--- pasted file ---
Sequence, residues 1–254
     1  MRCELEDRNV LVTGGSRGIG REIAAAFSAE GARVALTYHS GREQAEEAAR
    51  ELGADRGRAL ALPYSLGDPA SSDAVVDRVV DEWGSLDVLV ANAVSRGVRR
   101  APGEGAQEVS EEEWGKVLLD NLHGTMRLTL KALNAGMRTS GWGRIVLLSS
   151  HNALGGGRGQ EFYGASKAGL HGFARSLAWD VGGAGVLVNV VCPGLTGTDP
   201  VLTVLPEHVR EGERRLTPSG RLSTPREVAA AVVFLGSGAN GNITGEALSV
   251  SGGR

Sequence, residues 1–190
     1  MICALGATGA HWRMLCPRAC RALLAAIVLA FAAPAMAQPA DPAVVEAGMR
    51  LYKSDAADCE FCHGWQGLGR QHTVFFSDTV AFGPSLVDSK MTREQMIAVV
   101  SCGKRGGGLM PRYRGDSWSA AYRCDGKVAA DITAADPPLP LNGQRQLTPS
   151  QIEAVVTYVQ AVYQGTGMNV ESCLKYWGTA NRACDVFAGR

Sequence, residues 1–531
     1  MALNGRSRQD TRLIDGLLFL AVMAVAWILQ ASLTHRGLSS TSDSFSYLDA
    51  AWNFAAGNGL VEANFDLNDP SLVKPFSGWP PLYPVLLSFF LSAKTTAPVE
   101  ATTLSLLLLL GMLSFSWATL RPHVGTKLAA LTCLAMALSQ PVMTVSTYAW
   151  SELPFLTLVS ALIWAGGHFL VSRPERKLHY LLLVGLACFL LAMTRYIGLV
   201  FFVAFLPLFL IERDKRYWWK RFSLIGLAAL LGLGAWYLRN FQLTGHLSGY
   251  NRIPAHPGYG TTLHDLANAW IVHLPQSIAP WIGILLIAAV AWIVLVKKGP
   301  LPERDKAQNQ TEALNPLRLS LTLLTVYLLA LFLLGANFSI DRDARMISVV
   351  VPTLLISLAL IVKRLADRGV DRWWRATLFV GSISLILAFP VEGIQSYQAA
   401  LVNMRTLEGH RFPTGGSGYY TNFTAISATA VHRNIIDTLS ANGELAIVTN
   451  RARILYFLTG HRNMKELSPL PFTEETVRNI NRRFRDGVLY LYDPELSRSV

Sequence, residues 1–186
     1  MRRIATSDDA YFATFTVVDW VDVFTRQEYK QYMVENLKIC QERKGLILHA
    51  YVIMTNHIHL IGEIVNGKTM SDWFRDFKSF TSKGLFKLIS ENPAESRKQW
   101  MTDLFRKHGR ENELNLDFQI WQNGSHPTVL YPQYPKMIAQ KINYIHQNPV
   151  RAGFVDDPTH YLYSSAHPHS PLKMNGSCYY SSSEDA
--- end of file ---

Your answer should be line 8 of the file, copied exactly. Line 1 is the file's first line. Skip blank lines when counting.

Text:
Sequence, residues 1–190